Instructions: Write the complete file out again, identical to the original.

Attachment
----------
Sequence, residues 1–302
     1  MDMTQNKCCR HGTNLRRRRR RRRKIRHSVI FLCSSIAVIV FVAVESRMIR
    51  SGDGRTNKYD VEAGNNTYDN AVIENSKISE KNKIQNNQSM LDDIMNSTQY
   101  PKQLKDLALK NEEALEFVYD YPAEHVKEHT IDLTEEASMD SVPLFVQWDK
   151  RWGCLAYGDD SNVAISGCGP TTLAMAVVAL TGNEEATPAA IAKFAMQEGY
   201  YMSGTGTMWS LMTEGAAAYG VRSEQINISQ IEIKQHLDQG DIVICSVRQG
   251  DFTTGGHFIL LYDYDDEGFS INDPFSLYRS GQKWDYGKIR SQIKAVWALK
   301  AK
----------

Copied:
Sequence, residues 1–302
     1  MDMTQNKCCR HGTNLRRRRR RRRKIRHSVI FLCSSIAVIV FVAVESRMIR
    51  SGDGRTNKYD VEAGNNTYDN AVIENSKISE KNKIQNNQSM LDDIMNSTQY
   101  PKQLKDLALK NEEALEFVYD YPAEHVKEHT IDLTEEASMD SVPLFVQWDK
   151  RWGCLAYGDD SNVAISGCGP TTLAMAVVAL TGNEEATPAA IAKFAMQEGY
   201  YMSGTGTMWS LMTEGAAAYG VRSEQINISQ IEIKQHLDQG DIVICSVRQG
   251  DFTTGGHFIL LYDYDDEGFS INDPFSLYRS GQKWDYGKIR SQIKAVWALK
   301  AK